Legal Wrap is a round-up of key legal and reproductive justice news.
The tragic story of Beatriz, the young Salvadorian woman whose life has hung in the balance while the Catholic Church fiddled with granting her permission to terminate a pregnancy that, if continued, would have kill her, is a lesson in what happens when religious ideology comes before the non-biased delivery of health care. Marge Berer forcefully argues that Beatriz’ treatment should be a call to action to strip Catholic hospitals of their right to provide maternity care.
Planned Parenthood Montana sued to block two laws designed to make it more difficult for minors to access abortion care in the state. The first law challenged in the lawsuit is the state’s new parental consent law. The law, passed this session, requires parental permission for anyone under age 18 before terminating a pregnancy. The lawsuit also challenges the state’s less stringent parental notification law, which requires that the parents of anyone under age 16 be notified prior to a pregnancy termination.
The recent decision by the U.S. Ninth Circuit Court of Appeals to block Arizona’s 20-week abortion ban strongly re-affirmed the right of a woman to choose abortion prior to fetal viability with minimal interference by the state. Here I ask if fetal viability is such a good legal standard for abortion rights activists after all.
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It’s not just Arizona’s 20-week abortion ban making its way through the federal court system. Last week the American Civil Liberties Union sued to block the state’s race- and sex-selection abortion ban, arguing the law is racially discriminatory and based on improper racial stereotypes about who seeks abortions.
It took them three tries, but the California Assembly passed a domestic workers’ bill of rights. Gov. Jerry Brown (D) has a history of vetoing such measures, but it’s unclear if he’ll veto this latest version or not.
The other defendants in the trial of Dr. Kermit Gosnell were sentenced, including a clinic worker and Gosnell’s wife.
Anti-choice activists in Oklahoma are hoping the Supreme Court will step in and overturn an Oklahoma state supreme court decision that said a state law banning “off-label” use of abortion-inducing drugs is unconstitutional. The Oklahoma Coalition for Reproductive Justice recently submitted a briefing to the Supreme Court to explain why the lower court’s decision was correct and why the Supreme Court should stay out of the dispute. The Roberts court is expected to decide sometime in June whether to take the Oklahoma case for review.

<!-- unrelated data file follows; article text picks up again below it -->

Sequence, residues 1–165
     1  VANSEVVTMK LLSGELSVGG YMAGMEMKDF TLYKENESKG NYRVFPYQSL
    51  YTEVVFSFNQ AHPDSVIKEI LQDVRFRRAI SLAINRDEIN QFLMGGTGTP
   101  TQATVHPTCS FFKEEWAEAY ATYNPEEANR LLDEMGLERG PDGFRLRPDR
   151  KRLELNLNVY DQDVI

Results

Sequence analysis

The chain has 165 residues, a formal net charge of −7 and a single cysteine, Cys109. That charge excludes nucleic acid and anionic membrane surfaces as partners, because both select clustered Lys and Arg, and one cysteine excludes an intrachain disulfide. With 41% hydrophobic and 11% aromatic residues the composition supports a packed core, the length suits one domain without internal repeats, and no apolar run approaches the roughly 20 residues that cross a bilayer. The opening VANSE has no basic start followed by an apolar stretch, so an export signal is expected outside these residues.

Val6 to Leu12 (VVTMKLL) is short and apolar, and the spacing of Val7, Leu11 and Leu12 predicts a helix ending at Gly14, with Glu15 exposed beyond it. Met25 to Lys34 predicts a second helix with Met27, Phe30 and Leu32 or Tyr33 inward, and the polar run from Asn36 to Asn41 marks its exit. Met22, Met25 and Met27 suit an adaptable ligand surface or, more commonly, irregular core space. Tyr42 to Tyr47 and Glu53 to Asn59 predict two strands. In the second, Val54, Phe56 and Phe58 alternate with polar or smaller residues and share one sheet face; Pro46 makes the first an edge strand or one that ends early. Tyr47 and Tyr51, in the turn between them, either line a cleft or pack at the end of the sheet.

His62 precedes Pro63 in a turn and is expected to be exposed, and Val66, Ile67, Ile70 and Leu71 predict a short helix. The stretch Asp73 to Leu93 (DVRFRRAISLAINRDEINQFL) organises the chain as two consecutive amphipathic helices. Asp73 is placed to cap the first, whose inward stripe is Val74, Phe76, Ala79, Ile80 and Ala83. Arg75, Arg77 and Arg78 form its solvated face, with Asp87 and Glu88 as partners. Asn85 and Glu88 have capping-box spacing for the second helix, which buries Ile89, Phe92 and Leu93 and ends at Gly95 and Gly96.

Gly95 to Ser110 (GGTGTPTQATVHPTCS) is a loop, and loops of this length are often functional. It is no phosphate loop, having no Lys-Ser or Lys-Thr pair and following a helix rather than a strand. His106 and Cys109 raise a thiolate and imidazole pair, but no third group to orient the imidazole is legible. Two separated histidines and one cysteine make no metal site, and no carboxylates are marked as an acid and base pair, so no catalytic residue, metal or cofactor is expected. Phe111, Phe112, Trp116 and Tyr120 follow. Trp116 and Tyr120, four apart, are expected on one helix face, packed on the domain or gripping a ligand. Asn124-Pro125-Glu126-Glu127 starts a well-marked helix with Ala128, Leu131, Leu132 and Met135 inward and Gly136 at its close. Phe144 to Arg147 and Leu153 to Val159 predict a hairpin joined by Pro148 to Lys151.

The Centers for Medicare and Medicaid Services, the federal agency that administers the Medicaid program, rejected Indiana’s appeal of an administrative ruling that bars the state from denying Planned Parenthood Medicaid funding because some Planned Parenthood centers offer abortion care. The agency decision is separate from another court case involving the same law. The Supreme Court just recently refused to review a lower court’s finding that the law was unconstitutional.
Just because the federal courts say defunding Planned Parenthood solely because of ties to abortion care is unconstitutional doesn’t mean the state of Arizona is going to try and stop doing it.
Attorneys for the state of Arkansas asked a federal judge to uphold the so-called informed consent part of the a new state law banning abortions at approximately 12 weeks, because the law, while unconstitutional, was passed to “protect” women. The attorneys want the court to uphold the part of the law that requires doctors to inform women seeking an abortion if a heartbeat is detected and the statistical likelihood of the child surviving based on its gestational age. The federal court has already blocked enforcement of the 12-week ban which had been set to take effect in August.
President Obama announced four new federal court nominees last week, and each continues the president’s goal of bringing diversity to the federal bench. As reported by the People for the American Way, 42 percent of President Obama’s confirmed judicial nominees have been women, compared with just 22 percent of those nominated by the second President Bush and 29 percent of those nominated by President Clinton. Likewise, 46 percent of his confirmed nominees have been people of color. This is a significant change from the previous administration, where 82 percent of federal judicial nominees were white. Also, President Obama has nominated more openly gay people to federal judgeships than all of his predecessors combined. Republicans must be taking notice because they have blocked more of the president’s judicial nominees than any other sitting president in this country’s history.
Finally, yet another federal appellate court heard arguments in the litany of lawsuits challenging the birth control benefit in Obamacare last week as an attorney representing Mennonite owners of a for-profit family furniture manufacturing company asked the Third Circuit Court of Appeals in Philadelphia to block the mandate because it violates their right to religious expression.